July 2, 2020

Dear Hope Nation,

Part One of Three

My most interesting conversations take place at recovery meetings of one flavor or another. Last night I was involved in a discussion with another guy about water—not about drinking water, not about water rights, not even about its composition. (Because we are both roughly educated men, we knew water is made up of three ingredients: liquid, solid and gas). (If that last line didn’t make you at least chuckle, you’re wrong.) No, sitting outside with proper social distancing, the dispute was about what kind of body of water—stream or ocean–is the best image for describing life.

My friend, Mike, a born debater and world-class talker, argued stream was the most apt comparison. Life flows regardless of our desires, and it is pointless to fight against that flow. You may need to use a rudder at times, but going against the stream is exhausting and fruitless. Although he didn’t use the phrase, he was alluding to the Taoist notion of wu-wei—a kind of “actionless action” that lets events unfold rather than forcing anything. 

I countered Mike’s Eastern point of reference with three different ocean images, beginning with about as Western a writer as possible. In The Brothers Karamazov, Dostoyevsky writes “For all is like an ocean, all flows and connects; touch it in one place and it echoes at the other end of the world.” Here we have a statement of the interconnectedness of all things, which echoes the Buddhist notion that nothing exists in isolation. All in the universe depends on something else for its creation. Despite Billy Preston’s song, nothing from nothing ain’t possible. Everything matters. I am as connected to the Siberian blade of grass and the Andean pebble as much as you are to the nose on your face. We exist in an ocean of being.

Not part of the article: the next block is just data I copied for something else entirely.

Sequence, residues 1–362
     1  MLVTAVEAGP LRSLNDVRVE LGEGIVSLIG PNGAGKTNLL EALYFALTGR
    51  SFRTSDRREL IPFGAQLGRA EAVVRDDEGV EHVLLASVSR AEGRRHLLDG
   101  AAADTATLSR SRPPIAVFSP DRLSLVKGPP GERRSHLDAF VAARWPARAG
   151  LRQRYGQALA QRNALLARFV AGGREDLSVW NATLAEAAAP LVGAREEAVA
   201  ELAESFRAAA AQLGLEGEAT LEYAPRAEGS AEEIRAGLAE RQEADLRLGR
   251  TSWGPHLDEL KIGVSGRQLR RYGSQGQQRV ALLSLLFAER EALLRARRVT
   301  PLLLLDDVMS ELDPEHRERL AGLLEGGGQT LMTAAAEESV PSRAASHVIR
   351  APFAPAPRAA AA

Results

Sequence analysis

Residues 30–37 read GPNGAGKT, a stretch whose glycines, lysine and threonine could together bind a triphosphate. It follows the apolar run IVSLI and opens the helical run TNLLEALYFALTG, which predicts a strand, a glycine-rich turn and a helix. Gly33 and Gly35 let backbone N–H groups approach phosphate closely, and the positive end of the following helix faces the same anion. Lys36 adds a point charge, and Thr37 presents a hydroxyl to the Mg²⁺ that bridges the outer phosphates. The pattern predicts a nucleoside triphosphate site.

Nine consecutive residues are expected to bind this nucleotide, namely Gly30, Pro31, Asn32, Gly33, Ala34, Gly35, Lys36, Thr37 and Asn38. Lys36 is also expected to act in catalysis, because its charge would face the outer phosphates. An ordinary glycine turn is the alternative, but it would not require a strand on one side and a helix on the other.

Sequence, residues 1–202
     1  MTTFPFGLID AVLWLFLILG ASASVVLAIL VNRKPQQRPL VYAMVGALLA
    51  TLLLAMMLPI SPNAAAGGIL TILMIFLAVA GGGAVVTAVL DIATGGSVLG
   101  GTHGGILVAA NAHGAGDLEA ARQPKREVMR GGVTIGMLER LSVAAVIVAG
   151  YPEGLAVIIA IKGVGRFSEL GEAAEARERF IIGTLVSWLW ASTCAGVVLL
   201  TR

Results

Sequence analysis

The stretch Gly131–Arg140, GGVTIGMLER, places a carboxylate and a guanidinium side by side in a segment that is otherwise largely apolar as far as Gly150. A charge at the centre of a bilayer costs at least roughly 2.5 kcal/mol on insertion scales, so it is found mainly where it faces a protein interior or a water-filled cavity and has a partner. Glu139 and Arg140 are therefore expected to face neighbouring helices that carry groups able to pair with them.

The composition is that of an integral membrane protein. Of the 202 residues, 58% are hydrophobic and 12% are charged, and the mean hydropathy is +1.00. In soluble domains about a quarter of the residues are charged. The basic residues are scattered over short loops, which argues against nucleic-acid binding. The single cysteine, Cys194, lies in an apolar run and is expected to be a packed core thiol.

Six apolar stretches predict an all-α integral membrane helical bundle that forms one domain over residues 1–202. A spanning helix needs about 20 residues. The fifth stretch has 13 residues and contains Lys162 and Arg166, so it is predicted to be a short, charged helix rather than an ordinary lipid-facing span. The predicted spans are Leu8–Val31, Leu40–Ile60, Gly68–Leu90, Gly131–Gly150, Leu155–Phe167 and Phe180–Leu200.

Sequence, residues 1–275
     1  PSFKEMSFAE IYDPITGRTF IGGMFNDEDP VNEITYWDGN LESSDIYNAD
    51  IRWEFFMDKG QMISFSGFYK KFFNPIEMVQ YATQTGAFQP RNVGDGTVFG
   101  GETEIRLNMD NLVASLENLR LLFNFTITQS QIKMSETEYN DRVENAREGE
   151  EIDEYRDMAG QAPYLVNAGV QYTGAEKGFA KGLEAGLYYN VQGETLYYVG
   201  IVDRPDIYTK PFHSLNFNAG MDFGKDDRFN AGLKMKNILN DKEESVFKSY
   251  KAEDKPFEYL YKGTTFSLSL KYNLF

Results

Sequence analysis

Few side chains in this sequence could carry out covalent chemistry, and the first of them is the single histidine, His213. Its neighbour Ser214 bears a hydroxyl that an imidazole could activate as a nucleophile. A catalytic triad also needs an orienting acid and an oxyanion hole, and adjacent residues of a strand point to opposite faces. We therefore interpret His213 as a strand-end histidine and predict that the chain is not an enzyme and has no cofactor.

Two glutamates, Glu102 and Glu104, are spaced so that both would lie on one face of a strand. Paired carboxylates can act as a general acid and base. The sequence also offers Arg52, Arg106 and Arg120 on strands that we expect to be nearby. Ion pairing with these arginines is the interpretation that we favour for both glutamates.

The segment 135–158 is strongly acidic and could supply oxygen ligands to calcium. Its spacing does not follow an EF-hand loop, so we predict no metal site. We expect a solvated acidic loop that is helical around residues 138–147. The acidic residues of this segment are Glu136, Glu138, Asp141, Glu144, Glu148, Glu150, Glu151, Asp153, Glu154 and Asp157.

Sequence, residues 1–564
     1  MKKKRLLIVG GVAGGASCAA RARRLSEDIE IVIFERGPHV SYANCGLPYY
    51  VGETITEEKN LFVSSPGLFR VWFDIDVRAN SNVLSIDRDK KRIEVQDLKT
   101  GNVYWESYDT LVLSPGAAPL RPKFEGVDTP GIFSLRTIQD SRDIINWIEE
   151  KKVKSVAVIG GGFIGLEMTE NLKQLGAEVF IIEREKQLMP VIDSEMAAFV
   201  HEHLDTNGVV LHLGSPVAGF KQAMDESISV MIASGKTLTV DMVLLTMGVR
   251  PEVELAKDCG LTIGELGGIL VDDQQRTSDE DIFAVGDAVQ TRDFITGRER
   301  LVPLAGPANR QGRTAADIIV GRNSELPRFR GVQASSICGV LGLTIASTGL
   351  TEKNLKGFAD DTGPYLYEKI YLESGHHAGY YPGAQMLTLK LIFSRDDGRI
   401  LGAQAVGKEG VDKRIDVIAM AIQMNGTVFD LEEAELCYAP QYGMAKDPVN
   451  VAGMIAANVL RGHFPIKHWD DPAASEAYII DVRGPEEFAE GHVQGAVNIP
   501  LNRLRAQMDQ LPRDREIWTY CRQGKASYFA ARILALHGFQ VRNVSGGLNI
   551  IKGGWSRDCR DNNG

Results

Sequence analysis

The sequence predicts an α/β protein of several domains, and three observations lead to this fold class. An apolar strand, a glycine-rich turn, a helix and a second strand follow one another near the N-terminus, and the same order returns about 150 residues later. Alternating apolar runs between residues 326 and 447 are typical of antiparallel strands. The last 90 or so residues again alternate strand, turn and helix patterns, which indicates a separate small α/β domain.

In a slightly different way, and from an differenter source, the eulogy  I wrote for my mom began with two quotes. The first, from George Bernard Shaw, doesn’t apply—but is still filled with wisdom–“Life does not cease to be a comedy when somebody dies, any more than it ceases to be a tragedy when a baby is born.”  The second, ocean-related quote, though, does: “Life is like climbing into a boat that’s just about to sail out to sea and sink.”  All you can do is enjoy the ride.

In a very different way, Freud talks about an “oceanic feeling.” (Here I will confess, I’ve never read Freud, and I’m certain the second- and third-hand notions I have are likely inaccurate, misleading and just plain wrongheaded. From here on out, “oceanic feeling” will mean what Keith B. Howard wants it to mean, something like what Blake refers to in “Auguries of Innocence”

To see a World in a Grain of Sand
And a Heaven in a Wild Flower 
Hold Infinity in the palm of your hand 
And Eternity in an hour)

In other words, this oceanic feeling is an overwhelming sense of eternity, a feeling of belonging, a notion that life is in balance, and that you are part of that balance. It is the basis of all religious experience.

(Wow, I’ve been very wordy and semi-erudite so far—Dostoyevsky, Freud, Blake and Billy Preston. What a quadfecta! I promise, Dear Reader, all the hard parts have been conquered and the rest of this letter will return to solid ground. Less talk of Big Ideas and more meat and potatoes writing.)

It’s the oceanic feeling I’ve been thinking about lately, and what it would be like to never have sensed it. While I’m no mystic, I’ve swum in that ocean a whole bunch of times, experienced a sense of timelessness, of ecstasy, of being part of something much bigger than myself. This feeling usually, but not always, comes in deep nature—out in the desert, far into a forest or next to an ocean.

Over the next couple days, I’ll be writing about two such experiences I had just about a year ago while traveling in England. One took place in the seaside town of Whitley Bay, just outside Newcastle on the North Sea, and the other about 20 miles inland. While the two experiences were completely different on the surface, they both tapped into what Jung would call the collective unconscious, that hodge-podge of ancestral memories and archetype recognition we all inherit as human beings.

In one experience, I am with one other human. In the other, I am alone. In one, I am in a town. In the other, I am on a windswept high plain. In one, I see myself anew. In the other, I sense my common humanity. In both, I practice and experience the presence of Something Much Bigger than I.

You matter. I matter. We matter.

Keith